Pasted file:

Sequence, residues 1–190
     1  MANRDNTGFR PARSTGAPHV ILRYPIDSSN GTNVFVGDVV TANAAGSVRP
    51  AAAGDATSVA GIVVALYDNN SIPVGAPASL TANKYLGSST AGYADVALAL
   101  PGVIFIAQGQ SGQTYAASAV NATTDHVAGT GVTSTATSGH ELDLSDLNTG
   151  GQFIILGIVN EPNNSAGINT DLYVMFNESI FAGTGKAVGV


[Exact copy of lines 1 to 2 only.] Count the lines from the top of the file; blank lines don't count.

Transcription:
Sequence, residues 1–190
     1  MANRDNTGFR PARSTGAPHV ILRYPIDSSN GTNVFVGDVV TANAAGSVRP